Millionaires Ask New York To ‘Raise Our Taxes’ To Curb Poverty, But The GOP Is Against It

Forty New York millionaires are asking the governor to do something utterly unexpected.

In the “spirit of shared sacrifice,” they want the state to raise their taxes to combat poverty and repair infrastructure for one simple reason: they can afford to pay more, the Washington Post reported.

And if that wasn’t enough, this group of millionaires, which includes a fourth-generation Rockefeller and a Disney, want working class families’ tax rates lowered. The group’s intention was clear.

“We can well afford to pay our current taxes, and we can afford to pay even more…. Everyone does better when everyone does better.”

In an open letter to Gov. Andrew Cuomo, the contingent of one-percenters asked for Cuomo and legislators to replace a temporary millionaires tax with a permanent measure to raise their taxes. However, as New York grapples over its 2016-17 budget, GOP lawmakers already crushed hopes that the request would be enacted.

The Republican-led Senate opposes a raise in taxes on the wealthy. Senate Leader John Flanagan said last month that the GOP doesn’t support “asking hard-working New Yorkers to dig deeper into their pockets to pay more,” according to the Associated Press.

But that’s precisely what this trailblazing group is telling lawmakers they should be doing. Their pockets are deep, their argument goes, and the state has a mound of problems that need fixing. Only money will do it, and they have plenty.

Their proposal would raise New York’s income tax revenue by $2.2 billion.

The millionaires have asked the state to raise their taxes in conjunction with a think tank called the Fiscal Policy Institute and Responsible Wealth Project. The meat of their plan is to establish a permanent tax on the wealthy, starting at people who make $665,000 a year, to replace a temporary one that will expire this year.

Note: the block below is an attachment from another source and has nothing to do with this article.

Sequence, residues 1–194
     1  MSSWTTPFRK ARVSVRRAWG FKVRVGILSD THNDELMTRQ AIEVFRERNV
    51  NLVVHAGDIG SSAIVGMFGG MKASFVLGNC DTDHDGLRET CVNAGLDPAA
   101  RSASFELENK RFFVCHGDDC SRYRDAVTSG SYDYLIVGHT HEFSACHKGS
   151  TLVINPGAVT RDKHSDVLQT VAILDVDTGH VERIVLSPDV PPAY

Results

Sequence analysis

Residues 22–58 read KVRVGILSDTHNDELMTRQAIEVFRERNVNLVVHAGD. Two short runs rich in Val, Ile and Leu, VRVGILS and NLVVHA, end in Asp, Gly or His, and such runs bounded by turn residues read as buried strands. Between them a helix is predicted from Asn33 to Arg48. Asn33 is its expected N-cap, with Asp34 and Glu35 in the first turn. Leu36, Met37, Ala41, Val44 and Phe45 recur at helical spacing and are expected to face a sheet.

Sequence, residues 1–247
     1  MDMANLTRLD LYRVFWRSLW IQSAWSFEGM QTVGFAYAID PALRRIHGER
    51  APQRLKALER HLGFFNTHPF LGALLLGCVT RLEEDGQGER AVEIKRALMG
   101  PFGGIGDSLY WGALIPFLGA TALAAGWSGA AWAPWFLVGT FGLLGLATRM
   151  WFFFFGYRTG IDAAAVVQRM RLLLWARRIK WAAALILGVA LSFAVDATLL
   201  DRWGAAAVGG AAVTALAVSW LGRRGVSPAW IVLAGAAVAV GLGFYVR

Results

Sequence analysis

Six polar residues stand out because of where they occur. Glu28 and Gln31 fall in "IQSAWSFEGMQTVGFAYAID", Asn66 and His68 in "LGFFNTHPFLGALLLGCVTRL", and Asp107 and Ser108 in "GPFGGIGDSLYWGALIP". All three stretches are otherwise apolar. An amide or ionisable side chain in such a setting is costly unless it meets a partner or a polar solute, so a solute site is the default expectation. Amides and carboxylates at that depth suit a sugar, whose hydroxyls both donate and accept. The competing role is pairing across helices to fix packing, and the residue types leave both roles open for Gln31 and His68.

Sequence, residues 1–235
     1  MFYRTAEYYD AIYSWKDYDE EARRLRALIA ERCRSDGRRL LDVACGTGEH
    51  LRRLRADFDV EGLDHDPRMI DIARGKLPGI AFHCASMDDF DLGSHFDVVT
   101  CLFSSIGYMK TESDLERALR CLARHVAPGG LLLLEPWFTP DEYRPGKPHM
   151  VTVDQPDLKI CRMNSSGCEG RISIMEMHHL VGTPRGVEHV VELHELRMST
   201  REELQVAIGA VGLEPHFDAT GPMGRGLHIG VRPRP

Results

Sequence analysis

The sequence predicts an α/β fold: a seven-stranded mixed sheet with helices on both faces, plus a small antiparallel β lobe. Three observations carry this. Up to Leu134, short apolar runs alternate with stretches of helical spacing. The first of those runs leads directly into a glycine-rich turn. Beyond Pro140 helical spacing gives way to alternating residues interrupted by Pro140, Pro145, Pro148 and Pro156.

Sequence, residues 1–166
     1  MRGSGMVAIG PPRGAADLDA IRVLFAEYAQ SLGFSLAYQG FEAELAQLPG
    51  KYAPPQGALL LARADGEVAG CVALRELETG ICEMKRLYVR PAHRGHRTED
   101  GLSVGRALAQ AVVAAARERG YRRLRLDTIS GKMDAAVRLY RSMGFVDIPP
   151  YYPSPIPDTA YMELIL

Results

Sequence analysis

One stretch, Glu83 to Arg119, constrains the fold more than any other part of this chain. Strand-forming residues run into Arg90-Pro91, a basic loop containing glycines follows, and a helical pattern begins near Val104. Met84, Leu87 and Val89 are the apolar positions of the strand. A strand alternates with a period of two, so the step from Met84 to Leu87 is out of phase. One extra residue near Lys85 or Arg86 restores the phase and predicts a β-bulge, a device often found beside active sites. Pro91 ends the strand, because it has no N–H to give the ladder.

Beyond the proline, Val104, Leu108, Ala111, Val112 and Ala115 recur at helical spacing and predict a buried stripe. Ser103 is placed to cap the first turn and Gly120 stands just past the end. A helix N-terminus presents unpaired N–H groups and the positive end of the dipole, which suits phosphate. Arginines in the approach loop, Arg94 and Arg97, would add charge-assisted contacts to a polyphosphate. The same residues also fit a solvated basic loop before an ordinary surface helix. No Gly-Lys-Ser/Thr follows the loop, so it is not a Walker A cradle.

In addition, the group wants tax rates for working families lowered, permanently, to a range of 4 to 6.85 percent. If the lower rates for those in poverty and the higher ones for the rich expire, middle-class families will see a $1 billion tax increase and the richest a $3.7 billion windfall.

If the millionaires’ call to raise their taxes succeeds, their money will be invested in poverty programs and infrastructure, where it is most desperately needed. As Lewis Cullman, who runs the company that makes those “At-A-Glance” appointment books, pointed out, philanthropy doesn’t generally pay for government services or for programs that alleviate poverty, the Guardian added.

Starting at the $665,000-bracket, the state’s wealthiest people would have their taxes raised to somewhere between 7.65 and 9.99 percent. Those who make over $100 million would pay tax rates at the highest end of that range.

New York’s long-term viability, the group wrote, relies on its “human capital and physical infrastructure.”

“We need to invest in pathways out of poverty and up the economic ladder for all of our fellow citizens, including strong public education from pre-K to college. And, we need to invest in the fragile bridges, tunnels, waterlines, public buildings, and roads that we all depend on.”

The group considered child poverty a particularly shameful reality. In their call to Cuomo to raise their taxes, they noted that poverty among the youngest New Yorkers is now at a “record level, exceeding 50% in some of our urban centers. New York State has a record number of homeless families – more than 80,000 people – struggling to survive across the state. And far too many adults in our state do not have the work skills needed for the 21st-century economy.”

The state’s wealthiest people contend that raising taxes will not only help alleviate poverty and improve public infrastructure, it could mean more jobs for everyone.

“These human and physical infrastructure investments will pay off in the creation of new jobs, a workforce prepared to fill them and a reduction in the extreme income inequality that currently exists in our state.”

As it debates the next budget, the legislature is currently arguing a raise in the minimum wage to $15 an hour, 12-week paid family leave, and measures to curb corruption.

[Image via STILLFX/Shutterstock]